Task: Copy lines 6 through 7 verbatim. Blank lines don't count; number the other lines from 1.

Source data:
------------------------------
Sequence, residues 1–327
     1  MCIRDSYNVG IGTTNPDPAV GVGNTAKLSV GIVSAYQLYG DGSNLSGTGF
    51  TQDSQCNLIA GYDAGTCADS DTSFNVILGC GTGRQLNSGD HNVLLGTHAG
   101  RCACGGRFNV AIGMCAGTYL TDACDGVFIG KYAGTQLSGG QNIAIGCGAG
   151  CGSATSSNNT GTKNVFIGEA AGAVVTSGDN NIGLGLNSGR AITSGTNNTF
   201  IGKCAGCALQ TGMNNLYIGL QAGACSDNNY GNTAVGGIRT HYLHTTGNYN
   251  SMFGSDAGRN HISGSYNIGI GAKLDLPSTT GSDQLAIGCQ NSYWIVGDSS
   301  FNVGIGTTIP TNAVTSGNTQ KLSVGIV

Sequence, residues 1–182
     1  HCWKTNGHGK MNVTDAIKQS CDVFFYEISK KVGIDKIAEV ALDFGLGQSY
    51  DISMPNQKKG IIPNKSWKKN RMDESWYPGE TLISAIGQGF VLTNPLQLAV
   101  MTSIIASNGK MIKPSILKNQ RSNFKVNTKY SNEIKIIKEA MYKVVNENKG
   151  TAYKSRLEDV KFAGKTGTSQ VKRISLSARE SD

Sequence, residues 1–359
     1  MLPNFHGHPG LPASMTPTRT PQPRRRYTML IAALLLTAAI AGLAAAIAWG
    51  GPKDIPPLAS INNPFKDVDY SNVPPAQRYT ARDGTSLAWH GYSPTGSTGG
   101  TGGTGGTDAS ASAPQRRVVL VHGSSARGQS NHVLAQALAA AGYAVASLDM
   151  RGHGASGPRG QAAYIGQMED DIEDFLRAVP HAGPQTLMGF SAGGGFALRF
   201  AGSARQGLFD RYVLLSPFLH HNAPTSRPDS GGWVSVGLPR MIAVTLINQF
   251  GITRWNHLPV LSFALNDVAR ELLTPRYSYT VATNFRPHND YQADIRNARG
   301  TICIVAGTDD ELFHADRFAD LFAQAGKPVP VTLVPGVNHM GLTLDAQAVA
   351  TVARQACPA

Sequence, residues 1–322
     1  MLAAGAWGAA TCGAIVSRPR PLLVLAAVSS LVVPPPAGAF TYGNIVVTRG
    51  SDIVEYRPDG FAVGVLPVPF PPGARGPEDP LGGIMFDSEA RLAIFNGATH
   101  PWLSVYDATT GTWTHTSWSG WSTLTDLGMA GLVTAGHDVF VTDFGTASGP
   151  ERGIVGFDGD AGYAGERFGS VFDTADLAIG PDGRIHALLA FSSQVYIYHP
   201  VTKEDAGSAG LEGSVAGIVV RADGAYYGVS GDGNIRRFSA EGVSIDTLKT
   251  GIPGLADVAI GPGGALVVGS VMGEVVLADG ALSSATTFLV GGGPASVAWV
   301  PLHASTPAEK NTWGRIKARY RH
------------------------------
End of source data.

   201  IGKCAGCALQ TGMNNLYIGL QAGACSDNNY GNTAVGGIRT HYLHTTGNYN
   251  SMFGSDAGRN HISGSYNIGI GAKLDLPSTT GSDQLAIGCQ NSYWIVGDSS